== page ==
NEW YORK ( Associated Press) – A jury on Tuesday began deliberating in a US trial that stemmed from an audacious plan in which former bankers at Goldman Sachs sabotaged a Malaysian state investment fund known as 1MBD .
The jurors went to work after receiving lengthy instruction from US District Judge Margo Brody in a two-month trial in federal court in Brooklyn. They ended the day without a decision after nearly two hours of deliberations that resumed on Wednesday.
Prosecutors allege that former banker Roger Ng helped rob 1MDB by raising $6.5 billion for the fund through bond sales, then giving $4.5 billion of it through bribes and bribes to himself and corrupt associates.
“The loss to the people of Malaysia is immeasurable,” prosecutor Alexandra Smith said during the closing arguments. “It’s deeply unfair to everyone who plays by the rules.”
Ng’s defense attorneys described the fraud against the fund as “perhaps the biggest robbery in the history of the world”. But they argue that prosecutors made Ng a scapegoat for crimes committed by others, including Tim Leisner, an associate witness to the government.
“Roger is basically the guy to fall for this whole thing,” attorney Mark Agnifilo said. “And Tim Leisner is looking to close the biggest deal of his life.”
A former head of investment banking in Malaysia, Ng is the only Goldman banker to be prosecuted in the 1MDB scam. The 49-year-old has pleaded not guilty to three counts, including conspiracy to launder money and violating an anti-bribery law.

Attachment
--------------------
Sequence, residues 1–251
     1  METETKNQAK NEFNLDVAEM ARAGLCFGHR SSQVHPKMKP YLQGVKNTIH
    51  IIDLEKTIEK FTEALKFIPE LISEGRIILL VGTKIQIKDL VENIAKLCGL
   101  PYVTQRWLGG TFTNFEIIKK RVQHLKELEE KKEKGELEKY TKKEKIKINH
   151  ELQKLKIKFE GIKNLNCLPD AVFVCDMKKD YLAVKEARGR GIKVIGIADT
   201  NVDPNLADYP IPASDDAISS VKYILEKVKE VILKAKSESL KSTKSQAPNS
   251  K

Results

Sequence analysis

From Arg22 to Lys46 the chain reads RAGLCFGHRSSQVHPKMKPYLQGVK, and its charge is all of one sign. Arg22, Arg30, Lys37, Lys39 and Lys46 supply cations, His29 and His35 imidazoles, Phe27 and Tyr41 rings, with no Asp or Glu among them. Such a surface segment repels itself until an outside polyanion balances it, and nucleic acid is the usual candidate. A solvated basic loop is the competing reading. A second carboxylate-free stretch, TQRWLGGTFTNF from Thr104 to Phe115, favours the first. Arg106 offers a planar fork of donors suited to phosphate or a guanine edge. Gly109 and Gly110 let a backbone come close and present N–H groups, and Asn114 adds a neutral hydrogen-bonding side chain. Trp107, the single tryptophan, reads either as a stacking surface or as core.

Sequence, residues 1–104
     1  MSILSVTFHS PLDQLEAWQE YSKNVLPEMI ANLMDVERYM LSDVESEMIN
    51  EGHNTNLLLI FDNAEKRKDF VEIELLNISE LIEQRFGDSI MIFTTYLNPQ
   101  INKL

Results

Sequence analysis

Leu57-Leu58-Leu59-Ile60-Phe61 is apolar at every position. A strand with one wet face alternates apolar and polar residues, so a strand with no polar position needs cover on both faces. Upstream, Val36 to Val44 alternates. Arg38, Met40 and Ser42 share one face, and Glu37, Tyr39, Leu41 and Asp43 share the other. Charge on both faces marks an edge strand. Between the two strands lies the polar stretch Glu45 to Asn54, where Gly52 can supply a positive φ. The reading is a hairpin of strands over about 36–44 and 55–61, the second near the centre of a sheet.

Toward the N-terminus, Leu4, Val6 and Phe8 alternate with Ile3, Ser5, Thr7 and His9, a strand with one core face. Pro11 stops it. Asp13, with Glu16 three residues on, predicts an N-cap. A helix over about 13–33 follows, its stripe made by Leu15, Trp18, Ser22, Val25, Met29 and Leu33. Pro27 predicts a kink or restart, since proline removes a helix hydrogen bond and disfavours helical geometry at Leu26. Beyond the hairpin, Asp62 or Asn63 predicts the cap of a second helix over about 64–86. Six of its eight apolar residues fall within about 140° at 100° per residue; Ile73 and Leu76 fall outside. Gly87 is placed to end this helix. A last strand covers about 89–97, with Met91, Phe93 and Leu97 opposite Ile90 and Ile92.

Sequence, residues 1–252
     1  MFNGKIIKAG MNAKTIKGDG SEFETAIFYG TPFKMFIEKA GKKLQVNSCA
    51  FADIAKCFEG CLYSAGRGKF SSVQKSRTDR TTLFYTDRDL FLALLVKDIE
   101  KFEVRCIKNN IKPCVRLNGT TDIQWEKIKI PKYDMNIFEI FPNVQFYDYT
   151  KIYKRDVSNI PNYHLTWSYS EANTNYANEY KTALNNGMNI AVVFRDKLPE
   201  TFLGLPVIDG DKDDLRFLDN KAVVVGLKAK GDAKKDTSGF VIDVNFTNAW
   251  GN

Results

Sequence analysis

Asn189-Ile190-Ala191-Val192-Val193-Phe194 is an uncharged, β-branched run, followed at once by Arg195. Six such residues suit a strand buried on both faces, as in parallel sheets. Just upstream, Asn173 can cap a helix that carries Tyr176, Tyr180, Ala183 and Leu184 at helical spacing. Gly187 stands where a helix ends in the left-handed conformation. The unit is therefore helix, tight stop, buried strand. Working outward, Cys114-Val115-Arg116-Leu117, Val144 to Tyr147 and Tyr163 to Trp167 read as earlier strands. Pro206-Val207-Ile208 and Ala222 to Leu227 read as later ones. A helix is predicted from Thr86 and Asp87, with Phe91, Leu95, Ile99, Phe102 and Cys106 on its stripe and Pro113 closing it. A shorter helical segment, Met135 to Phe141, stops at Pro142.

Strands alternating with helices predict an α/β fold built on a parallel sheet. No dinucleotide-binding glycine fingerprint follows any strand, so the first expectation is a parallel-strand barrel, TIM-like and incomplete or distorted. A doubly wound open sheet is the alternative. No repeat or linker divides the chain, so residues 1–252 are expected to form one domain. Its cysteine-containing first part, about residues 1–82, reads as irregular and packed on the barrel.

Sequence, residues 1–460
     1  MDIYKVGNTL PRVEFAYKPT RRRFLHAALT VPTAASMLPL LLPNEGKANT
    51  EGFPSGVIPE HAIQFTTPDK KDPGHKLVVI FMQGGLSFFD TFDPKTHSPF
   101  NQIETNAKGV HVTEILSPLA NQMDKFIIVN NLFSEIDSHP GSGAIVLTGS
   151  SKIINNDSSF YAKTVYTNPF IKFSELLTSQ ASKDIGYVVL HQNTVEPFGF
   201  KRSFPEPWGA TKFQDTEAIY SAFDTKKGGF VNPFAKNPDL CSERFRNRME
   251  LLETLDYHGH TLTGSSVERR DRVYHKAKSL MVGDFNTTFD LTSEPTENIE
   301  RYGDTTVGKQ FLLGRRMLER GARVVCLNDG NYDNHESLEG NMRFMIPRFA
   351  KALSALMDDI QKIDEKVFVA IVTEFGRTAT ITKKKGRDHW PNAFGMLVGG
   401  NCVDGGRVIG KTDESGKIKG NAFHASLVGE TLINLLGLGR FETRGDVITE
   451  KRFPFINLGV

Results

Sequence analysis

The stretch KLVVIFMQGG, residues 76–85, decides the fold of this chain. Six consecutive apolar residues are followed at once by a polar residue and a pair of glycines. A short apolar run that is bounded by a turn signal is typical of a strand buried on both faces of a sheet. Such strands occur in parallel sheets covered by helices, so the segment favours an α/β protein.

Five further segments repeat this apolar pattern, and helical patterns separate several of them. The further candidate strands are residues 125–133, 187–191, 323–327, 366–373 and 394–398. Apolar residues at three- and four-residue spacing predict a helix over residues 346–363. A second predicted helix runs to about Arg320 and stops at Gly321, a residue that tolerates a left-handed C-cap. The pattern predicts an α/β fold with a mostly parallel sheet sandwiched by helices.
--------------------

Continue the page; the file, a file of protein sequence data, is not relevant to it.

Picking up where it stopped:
Over the course of several days at the witness stand, Leisner testified that he, Ng and Lou Taek Zoe – the Malaysian financier and fugitive socialite known as Zoe Lo – had used off-shore accounts to “hide the flow of funds”. And used shell companies. He added that money laundering attempts also included forging contracts with banks.
“If we tell the truth to a bank, it will not work. … the house of cards must have fallen,” he said.
Leisner, 52, pleaded guilty in 2018 to paying millions of dollars in bribes to government officials in Malaysia and Abu Dhabi. He was ordered to forfeit $43.7 million as part of his guilty plea and agreed to testify against Ng.
The embezzlement controlled heavy spending on jewelry, art, a superyacht and luxury real estate. The booty also helped finance Hollywood films, including the 2013 Leonardo DiCaprio film “The Wolf of Wall Street.”
Lou, who maintains his innocence, became famous in the New York City and Los Angeles club scenes. In 2012, they celebrated their 31st birthday, attended by DiCaprio, Kim Kardashian and other celebrities – a celebration described by The Wall Street Journal as “the wildest party (Las) Vegas ever seen”.